I thought the Falcon did give the A1200 a run for its money. The Falcon trumped the A1200 in every category except graphics. Even when Amiga enthusiasts pointed that out, I say most people (including me) still can't tell the difference between pictures with 262,000 colors versus millions of colors. However, my ears (as well as most others) CAN tell the difference between 8-bit and 16-bit sound. The Amiga market was bigger by the time the A1200 came out so it sold more units - mostly to existing Amiga owners.



It somewhat did there too with the hi colour mode. 65536 colours in a chunky display, which is something the amiga didn't have and I believe the amiga could only handle 16.7M colours in static screens.

#22 Retro Rogue OFFLINE  

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Posted Wed Nov 9, 2011 10:25 AM


By the way, if you want to read about the true story of Atari, their is a book available thru Amazon here.........

http://www.amazon.co...ASIN=0070115435


Hmm, didn't think that book actually covered the Tramiels. Wasn't it released like in 1984 or something?

Thanks.


It's universally known as one of the worst books, including by people who actually worked at Atari Inc. Way to much made up material and factual errors, and according to a few people who worked there the author never actually set foot at Atari. Just phoned in a few interviews and culled the rest together from other sources.

#23 orpheuswaking OFFLINE  

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Posted Wed Nov 9, 2011 1:13 PM

The man hoodwinked all the dealers into buying his ST dealer packages in order for a dealer to be allowed to sell the ST's ($4000.00), then within a year allowed them to go thru distributors making our investment basically worthless.
His history with Atari was quite dubious as he went thru executives the way others go thru toilet paper. If he told me the sky was blue back then, I'd have to go outside to make sure he wasn't lying.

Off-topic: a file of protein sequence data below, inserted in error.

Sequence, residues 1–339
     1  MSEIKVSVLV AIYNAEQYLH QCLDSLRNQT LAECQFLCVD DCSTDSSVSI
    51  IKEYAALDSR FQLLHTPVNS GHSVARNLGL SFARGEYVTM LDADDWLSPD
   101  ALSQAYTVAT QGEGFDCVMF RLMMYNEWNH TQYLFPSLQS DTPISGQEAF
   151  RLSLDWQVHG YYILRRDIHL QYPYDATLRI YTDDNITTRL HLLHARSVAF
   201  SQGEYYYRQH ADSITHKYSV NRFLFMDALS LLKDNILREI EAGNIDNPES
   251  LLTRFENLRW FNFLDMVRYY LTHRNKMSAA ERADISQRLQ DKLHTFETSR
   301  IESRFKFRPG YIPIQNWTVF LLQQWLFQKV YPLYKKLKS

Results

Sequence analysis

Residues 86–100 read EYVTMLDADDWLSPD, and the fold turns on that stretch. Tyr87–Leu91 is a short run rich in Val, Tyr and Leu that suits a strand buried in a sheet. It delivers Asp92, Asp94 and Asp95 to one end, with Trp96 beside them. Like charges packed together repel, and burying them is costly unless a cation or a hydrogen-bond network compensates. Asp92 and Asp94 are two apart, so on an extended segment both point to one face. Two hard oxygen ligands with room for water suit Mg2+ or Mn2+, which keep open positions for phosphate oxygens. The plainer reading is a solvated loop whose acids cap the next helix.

Not paying suppliers, forcing them into bankruptcy, and them making them an offer to settle lawsuits for pennies on the dollar was a standard practice for him,


He did all of this with Commodore first, people knew what he was about... so any dealers who took him up on Atari offers and thought they would get something different from the Commodore Jack were fools.

And I've read Zap (I actually have a copy I purchased for $1) it's terrible.

#24 orpheuswaking OFFLINE  

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Posted Wed Nov 9, 2011 1:14 PM



By the way, if you want to read about the true story of Atari, their is a book available thru Amazon here.........

http://www.amazon.co...ASIN=0070115435



Hmm, didn't think that book actually covered the Tramiels. Wasn't it released like in 1984 or something?

Thanks.


It's universally known as one of the worst books, including by people who actually worked at Atari Inc. Way to much made up material and factual errors, and according to a few people who worked there the author never actually set foot at Atari. Just phoned in a few interviews and culled the rest together from other sources.


Well hurry up and write the definitive Atari book :D

(I'm looking forward to adding a book about the Tramiel era at Atari to go with my Commodore A Company On The Edge)

Edited by orpheuswaking, Wed Nov 9, 2011 1:15 PM.


#25 DarkLord OFFLINE  

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Posted Thu Nov 10, 2011 8:18 AM

I've got that book. It really is pretty good. I just wish there was more content actually covering
the Amiga time frame.

I'd love to see a book as detailed as that covering the Tramiel era (and movie!).